The emergency alert system being used by the Clarke County Sheriff’s department caught many residents off guard last week and created some confusion during its first widespread usage by police. The system was activated on October 10th in order to locate a missing elderly adult. The message provided the basic information that an elderly female Alzheimer patient was missing in the area of Senseny Rd. It included her description, what she was wearing and requested that residents please check around their property for her. The system uses a computer generated voice that many residents found to be an unusual call. The timing was also a factor in the confusion. The initial call went out at 10:59 PM. The follow up call, which went to an even larger list of numbers, informed recipients that the individual had been located. That call went out at 12:30 AM.
The alert was targeted around the radius of Senseny Road. The system allows the user to draw a perimeter of the area that should be called and the system automatically draws from the database of numbers for the area selected. 1398 calls went out based on the area that the sheriff’s office selected.
At the Tuesday meeting of the County Board of Supervisors, Sheriff Roper told the board that his department had received numerous calls regarding the alert. Most of the calls were for clarification because many residents were unaware that Clarke County had an alert system in place. Two callers asked how they could be of assistance and offered to look for the missing individual. Only one call was an actual complaint criticizing the system. Sheriff Roper told the Supervisors “One person was very critical of the whole process and what we are going to offer her is to remove her from the list of numbers we call.”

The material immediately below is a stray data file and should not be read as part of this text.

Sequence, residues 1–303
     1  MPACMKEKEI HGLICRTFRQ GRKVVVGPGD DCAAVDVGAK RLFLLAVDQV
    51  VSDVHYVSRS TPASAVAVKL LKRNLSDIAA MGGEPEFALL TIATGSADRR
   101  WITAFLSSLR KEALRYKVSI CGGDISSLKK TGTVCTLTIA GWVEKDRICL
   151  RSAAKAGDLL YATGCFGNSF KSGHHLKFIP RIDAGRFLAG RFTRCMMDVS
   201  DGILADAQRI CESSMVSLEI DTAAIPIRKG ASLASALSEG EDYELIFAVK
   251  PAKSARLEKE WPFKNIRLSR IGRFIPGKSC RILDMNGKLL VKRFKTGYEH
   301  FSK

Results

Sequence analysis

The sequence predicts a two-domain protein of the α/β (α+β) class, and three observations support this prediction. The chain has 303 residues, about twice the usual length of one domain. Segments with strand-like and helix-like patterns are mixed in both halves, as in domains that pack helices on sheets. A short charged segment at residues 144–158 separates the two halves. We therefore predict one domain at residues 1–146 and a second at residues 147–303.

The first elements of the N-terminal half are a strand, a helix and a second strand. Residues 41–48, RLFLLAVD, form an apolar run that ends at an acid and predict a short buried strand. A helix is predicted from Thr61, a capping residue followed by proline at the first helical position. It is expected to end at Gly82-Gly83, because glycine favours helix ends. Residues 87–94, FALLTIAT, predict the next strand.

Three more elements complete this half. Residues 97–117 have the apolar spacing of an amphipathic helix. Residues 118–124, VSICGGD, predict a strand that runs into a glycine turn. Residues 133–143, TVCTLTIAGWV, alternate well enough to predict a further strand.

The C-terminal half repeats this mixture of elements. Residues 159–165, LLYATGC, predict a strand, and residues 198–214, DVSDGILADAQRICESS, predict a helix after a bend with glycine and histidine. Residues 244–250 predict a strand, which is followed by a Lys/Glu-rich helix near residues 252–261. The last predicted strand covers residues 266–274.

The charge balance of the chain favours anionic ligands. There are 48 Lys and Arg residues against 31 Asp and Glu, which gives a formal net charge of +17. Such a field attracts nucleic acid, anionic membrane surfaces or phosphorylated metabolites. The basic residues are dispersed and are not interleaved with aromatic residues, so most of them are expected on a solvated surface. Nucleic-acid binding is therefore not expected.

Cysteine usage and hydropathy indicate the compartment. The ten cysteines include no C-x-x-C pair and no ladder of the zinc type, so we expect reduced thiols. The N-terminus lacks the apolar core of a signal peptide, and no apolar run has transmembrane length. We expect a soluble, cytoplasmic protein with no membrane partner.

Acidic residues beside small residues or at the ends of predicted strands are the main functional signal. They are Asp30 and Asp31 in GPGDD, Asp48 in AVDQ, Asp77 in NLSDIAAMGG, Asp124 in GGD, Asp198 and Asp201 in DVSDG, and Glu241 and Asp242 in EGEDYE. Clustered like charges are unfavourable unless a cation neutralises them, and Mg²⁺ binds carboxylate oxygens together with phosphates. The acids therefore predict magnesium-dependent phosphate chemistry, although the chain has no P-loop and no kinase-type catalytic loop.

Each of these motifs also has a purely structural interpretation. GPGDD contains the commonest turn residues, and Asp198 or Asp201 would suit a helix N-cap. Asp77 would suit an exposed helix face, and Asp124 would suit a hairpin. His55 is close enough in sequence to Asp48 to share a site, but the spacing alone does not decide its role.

Contributing to the confusion was a discrepancy in the list of numbers that received the two calls. A small number of people received only the second call at 12:30 AM informing them that the missing individual had been located. Sheriff Roper said, “There were 10 or 12 people maybe more, that did not receive the first call. So the initial group did not match exactly the first group, so some people only received the second call and were completely confused.” He told the board that his office was attempting to identify the source of the discrepancy and remedy the situation.
Sheriff Roper said he is assessing the system from this usage and the reaction from the public. “We need to evaluate the calls and reactions as they come in.” He characterized it as a learning process, but emphasized the need to communicate to the public that this is an important service.
The service is provided by GeoComm, Inc. and is paid for with funding from a grant the sheriff’s office received.
Based on readers comments the Clarke County Sheriff’s Office has provided the following information regarding opt-out procedures- CDN
Residents who wish to be removed from the list can simply send an email with their name and address to Pamela L. Hess – Communications Director at the Clarke County Sheriff’s Office at email@example.com
The database is updated quarterly so all changes will take place in the next quarter. Residents should understand that removal from the list will mean that they will not be notified about any public safety information. This includes a variety of potential alerts ranging from missing children to hazardous material incidents.